If you have had a baby within the last 12 months you may experience some of these symptoms:
- Racing thoughts.
- Inability to sit still & relax.
- Feeling the urge of keeping yourself busy all the time, like cleaning, checking on the baby or doing work.
- Constant worry.
- Feeling that something bad is going to happen.
- Being afraid to be alone with your baby because of the thoughts. You are also afraid of things in your house that could potentially cause harm to the baby, like knives & stairs.
- Checking on things constantly because you aren’t sure about doing them in the 1st place.
- Physical symptoms like dizziness, hot flashes, and nausea.
- Having panic attacks.
- No appetite.
- Disturbances of sleep.
- You are afraid that this is your new reality and that you’ve lost the “old you” forever.
- You are afraid that if you reach out for help people will judge you. Or that your baby will be taken away.
What you should know is that you aren’t alone in this. These are common disorders that 15 to 20% of new mothers have, and they are completely treatable. Just reach out for help. Having those symptoms while still pregnant isn’t unusual either.
Other important And Probable Symptoms
Other very important symptoms you might experience are the following:
- See or hear things no one else does.
- Feeling paranoid as if others are out to get you.
- Feeling that you or your baby are somehow related to the devil or God in some way.
- Having thoughts of harming yourself or others.
If you’re experiencing one or all of those symptoms, it’s important to reach out for help right now. Your condition requires immediate attention as these could be signs of postpartum psychosis or severe postpartum depression. Unlike OCD, women who suffer from postpartum psychosis do not know that the thoughts that they are having are wrong. They do not necessarily feel like they are going crazy because they are in their own reality that is out of touch with “right” and “wrong. In order to avoid that, it is important to reach out for help right away so that trained professionals can help you get stabilized and healthy.
Postpartum Hair Loss
Hair loss after pregnancy is the sudden shedding (sometimes in clumps) that many new mothers experience between three and six months after giving birth. We normally shed up to 150 hairs a day but not all at once, so we don’t notice them.
Women may notice their hair seem fuller during pregnancy. That’s because high hormone levels keep resting hairs from falling out. When a woman is pregnant her hormones will get altered. During pregnancy these hormones are sometimes reflected with the amount of hair growth and thinning on the scalp. However, once the pregnancy is over the amount of estrogen in the body will drop significantly causing a scary shedding. This is why a lot of women feel they are going bald after the pregnancy is over. But it only takes a little while for their hair to grow back.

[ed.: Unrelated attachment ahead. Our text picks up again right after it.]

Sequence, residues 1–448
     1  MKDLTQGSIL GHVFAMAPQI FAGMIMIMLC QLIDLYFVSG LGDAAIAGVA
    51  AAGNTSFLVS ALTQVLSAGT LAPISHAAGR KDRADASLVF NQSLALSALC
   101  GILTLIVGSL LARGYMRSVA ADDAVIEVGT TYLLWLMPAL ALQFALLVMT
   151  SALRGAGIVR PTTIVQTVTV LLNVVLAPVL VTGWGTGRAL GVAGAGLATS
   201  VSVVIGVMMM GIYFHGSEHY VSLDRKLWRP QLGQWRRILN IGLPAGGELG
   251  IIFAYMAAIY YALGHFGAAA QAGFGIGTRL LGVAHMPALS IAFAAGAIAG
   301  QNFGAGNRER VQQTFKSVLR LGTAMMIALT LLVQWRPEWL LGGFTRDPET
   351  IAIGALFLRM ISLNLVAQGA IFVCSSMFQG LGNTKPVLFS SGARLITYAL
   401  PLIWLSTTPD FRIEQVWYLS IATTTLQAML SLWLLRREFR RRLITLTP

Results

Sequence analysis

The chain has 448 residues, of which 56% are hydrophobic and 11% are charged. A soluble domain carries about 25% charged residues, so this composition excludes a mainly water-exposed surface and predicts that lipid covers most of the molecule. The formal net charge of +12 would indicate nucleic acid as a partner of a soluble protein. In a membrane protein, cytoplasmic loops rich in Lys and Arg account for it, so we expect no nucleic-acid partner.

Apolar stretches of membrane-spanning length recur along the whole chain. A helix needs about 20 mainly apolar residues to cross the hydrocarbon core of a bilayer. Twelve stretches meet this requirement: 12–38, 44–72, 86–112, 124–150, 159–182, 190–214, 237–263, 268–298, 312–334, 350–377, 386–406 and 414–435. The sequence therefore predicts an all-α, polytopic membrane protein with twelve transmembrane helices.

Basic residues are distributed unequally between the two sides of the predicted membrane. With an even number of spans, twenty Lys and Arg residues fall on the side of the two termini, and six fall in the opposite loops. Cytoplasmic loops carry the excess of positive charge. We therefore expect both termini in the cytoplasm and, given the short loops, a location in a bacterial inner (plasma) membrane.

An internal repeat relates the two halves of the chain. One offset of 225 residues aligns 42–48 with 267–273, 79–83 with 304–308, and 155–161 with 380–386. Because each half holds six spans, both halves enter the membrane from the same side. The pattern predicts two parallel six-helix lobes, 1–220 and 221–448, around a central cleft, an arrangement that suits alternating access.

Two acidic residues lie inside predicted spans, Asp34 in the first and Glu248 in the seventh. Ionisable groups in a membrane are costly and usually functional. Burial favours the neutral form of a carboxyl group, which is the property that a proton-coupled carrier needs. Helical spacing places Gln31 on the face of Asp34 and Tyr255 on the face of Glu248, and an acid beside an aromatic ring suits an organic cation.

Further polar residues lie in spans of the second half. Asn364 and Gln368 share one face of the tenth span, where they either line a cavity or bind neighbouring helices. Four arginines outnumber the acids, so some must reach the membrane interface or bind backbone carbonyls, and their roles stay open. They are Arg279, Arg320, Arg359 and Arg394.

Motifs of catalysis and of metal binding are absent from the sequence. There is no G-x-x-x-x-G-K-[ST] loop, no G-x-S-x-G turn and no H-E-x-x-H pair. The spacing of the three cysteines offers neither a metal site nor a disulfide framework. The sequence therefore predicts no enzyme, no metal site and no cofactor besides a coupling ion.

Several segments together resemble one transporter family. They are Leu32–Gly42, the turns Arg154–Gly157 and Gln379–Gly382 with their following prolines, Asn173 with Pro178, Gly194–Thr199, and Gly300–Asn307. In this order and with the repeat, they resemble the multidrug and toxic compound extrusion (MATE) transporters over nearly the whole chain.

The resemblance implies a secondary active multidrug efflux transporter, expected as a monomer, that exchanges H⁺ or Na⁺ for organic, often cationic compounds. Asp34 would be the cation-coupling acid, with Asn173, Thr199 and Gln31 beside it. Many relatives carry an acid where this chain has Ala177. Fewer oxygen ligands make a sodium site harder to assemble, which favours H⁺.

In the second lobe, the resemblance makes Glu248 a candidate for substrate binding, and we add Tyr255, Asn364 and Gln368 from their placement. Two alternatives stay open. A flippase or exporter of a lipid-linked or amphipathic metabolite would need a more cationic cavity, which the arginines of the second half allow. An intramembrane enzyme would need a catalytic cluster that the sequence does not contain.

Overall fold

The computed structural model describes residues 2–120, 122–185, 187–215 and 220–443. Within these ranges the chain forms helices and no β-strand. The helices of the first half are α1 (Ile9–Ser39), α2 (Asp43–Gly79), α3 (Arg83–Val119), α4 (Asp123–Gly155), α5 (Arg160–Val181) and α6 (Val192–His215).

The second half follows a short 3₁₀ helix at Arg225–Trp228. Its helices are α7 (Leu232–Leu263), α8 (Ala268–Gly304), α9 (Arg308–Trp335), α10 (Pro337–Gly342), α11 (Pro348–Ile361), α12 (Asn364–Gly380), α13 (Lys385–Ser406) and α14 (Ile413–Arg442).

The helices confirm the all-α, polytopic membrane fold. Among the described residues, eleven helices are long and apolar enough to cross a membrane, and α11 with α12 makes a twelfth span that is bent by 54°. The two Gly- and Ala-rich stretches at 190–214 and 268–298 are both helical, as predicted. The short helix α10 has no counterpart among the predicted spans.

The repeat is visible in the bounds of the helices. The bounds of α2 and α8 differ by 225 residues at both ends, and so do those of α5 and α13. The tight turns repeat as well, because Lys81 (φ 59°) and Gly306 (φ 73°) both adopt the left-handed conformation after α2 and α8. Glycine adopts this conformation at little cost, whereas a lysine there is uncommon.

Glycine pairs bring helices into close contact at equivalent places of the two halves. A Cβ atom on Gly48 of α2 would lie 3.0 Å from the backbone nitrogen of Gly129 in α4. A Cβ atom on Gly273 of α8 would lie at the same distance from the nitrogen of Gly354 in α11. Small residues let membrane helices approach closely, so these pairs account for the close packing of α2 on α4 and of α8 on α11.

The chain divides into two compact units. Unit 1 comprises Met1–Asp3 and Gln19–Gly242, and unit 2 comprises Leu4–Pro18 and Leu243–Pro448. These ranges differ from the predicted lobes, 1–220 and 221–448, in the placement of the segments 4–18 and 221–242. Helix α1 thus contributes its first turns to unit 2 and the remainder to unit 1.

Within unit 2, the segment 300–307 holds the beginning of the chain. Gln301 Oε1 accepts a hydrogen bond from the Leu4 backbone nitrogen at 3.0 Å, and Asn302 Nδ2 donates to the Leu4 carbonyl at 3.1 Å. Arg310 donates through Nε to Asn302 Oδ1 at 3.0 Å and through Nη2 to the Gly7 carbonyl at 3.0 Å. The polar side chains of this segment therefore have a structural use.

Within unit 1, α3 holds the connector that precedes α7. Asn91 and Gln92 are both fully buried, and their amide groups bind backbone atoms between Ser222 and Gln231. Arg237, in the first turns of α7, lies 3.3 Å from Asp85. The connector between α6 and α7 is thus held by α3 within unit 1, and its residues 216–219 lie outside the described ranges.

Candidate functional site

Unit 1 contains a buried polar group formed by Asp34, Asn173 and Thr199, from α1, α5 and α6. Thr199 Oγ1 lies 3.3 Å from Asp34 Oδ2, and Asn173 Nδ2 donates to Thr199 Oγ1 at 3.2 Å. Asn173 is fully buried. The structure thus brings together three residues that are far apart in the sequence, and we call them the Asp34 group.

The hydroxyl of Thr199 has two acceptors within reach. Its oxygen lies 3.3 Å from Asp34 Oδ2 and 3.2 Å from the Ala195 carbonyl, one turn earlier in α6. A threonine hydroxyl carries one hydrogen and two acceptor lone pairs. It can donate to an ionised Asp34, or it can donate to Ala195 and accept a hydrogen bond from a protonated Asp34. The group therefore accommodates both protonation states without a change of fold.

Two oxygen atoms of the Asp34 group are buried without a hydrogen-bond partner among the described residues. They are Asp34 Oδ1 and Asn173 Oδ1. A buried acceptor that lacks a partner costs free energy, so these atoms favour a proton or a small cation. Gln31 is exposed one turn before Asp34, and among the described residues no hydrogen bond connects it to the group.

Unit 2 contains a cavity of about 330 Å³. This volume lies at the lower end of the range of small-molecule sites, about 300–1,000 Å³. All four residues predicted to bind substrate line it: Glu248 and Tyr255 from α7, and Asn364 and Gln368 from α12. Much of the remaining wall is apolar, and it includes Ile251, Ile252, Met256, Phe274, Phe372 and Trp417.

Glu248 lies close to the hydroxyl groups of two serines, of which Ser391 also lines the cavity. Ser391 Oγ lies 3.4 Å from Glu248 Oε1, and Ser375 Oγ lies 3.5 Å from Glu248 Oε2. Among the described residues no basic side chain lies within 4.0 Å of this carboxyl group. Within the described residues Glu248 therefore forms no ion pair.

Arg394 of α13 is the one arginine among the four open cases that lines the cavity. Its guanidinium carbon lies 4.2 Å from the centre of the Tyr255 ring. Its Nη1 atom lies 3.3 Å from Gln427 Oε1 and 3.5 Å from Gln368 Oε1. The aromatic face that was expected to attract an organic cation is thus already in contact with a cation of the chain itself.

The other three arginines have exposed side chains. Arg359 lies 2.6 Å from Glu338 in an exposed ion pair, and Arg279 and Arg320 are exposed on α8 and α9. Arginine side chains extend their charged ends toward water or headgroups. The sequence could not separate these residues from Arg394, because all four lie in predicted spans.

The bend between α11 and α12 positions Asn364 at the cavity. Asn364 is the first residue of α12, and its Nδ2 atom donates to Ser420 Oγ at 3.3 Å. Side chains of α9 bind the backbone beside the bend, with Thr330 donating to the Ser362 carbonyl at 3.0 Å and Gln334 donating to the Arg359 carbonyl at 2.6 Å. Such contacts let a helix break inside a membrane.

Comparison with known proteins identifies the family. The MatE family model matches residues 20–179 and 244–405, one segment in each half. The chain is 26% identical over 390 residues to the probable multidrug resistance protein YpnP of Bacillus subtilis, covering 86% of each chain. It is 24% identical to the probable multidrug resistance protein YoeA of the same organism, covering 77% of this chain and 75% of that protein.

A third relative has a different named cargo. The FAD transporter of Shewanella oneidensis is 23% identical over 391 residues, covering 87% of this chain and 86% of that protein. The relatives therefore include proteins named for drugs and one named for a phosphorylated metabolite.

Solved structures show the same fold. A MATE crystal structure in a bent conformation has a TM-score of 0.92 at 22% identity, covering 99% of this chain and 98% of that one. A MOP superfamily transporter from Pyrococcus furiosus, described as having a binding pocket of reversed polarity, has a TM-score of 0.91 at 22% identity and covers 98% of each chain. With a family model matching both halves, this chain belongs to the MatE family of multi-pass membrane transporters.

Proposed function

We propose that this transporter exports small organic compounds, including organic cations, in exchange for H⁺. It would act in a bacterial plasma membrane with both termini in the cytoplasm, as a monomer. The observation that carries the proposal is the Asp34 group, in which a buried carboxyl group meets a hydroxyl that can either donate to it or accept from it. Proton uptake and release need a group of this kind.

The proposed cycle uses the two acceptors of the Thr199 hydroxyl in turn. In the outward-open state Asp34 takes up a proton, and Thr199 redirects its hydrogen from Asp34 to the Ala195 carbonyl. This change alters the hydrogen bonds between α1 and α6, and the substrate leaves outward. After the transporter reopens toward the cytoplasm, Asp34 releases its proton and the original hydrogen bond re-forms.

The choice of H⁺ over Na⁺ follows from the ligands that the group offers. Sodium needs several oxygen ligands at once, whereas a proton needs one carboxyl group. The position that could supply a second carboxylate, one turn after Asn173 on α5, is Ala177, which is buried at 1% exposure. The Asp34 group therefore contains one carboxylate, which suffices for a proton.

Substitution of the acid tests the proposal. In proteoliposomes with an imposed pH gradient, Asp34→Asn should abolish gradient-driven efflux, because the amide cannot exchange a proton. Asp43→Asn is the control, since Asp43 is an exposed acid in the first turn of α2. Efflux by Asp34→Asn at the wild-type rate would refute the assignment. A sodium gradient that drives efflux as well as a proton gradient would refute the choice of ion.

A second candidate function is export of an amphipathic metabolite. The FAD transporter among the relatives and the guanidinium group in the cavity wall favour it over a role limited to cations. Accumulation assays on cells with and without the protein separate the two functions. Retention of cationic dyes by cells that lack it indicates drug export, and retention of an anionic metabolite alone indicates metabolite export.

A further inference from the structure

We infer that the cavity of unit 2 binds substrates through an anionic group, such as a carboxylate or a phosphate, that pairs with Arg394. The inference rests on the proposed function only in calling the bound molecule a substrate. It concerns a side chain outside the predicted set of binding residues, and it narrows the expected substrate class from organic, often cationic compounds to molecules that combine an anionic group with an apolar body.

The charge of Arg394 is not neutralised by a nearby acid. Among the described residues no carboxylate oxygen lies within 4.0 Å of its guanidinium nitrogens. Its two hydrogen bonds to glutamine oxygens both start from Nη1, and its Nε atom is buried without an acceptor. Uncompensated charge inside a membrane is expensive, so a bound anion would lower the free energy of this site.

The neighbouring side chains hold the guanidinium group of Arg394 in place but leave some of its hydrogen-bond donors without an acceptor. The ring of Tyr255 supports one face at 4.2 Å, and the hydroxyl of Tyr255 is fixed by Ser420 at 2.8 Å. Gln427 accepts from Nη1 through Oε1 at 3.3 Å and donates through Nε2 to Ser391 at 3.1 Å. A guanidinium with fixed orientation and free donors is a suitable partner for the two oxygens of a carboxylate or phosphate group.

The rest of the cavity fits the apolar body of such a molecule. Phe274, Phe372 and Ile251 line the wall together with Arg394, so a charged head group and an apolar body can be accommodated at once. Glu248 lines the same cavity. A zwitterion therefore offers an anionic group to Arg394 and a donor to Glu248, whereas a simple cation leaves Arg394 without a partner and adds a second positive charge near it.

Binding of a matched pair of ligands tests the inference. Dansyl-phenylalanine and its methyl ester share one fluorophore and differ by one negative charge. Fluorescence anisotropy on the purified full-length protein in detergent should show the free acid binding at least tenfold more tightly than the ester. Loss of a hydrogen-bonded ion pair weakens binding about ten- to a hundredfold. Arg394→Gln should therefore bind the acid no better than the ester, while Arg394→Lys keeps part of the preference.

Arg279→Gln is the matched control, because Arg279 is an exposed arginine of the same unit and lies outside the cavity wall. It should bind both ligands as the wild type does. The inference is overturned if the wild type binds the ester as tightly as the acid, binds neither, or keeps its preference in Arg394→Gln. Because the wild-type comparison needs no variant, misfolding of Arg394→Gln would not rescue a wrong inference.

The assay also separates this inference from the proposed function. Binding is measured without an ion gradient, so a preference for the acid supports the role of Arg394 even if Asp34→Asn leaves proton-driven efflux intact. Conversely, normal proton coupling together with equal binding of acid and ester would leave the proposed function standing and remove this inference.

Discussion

What Can Women Do About It?
Despite assurances that “you won’t go bald” the hair loss can be so dramatic that it can leave your hair looking very thin. You can live with this condition until your child blows the first birthday candle. If you’re breastfeeding , some of your extra hair may hang on to your scalp until you wean or start to supplement with formula or solids. Here is what you should do to ease shedding during postpartum period:
- Don’t get a short haircut.
- Don’t put extra stress on your hair, tie it back loosely.
- Treat the existing hair as gently as you can by avoiding excessive styling.
- Don’t sleep with your hair tied back in any way.
- Don’t stop breastfeeding just because you’ve heard that nursing makes postpartum hair loss worse.
- Avoid wrapping your hair in a towel after washing it. A wet, heavy towel puts tremendous stress on the roots of your hair.
- Try out a few products that pump up the volume. such as Batiste Dry Shampoo.
- Maintain a healthy diet. Your body has supported the development of your growing baby and is STILL supporting it through nursing, so your levels of the nutrients needed for healthy hair growth – such as iron and zinc – may be low. Furthermore, you may be skipping meals or grabbing convenience snacks because there is little time to prepare meals.
- Use a detangler spray. Yanking a comb through knotted hair can cause even more hair loss, a detangler makes things easier and quicker.
The major focus of postpartum care is ensuring that the mother is healthy and capable of taking care of her newborn. Everything will eventually end, the stress, the depression and the hair loss. Getting help and family support will help the moms through all these illnesses. So, to all moms out there, don’t hesitate to ask for help, think about your baby’s good and treat your condition while it’s still early.
You Are Not Alone
You Are Not To Blame
With Help, You Will Be Well
You Will Be The Most Happy & Healthy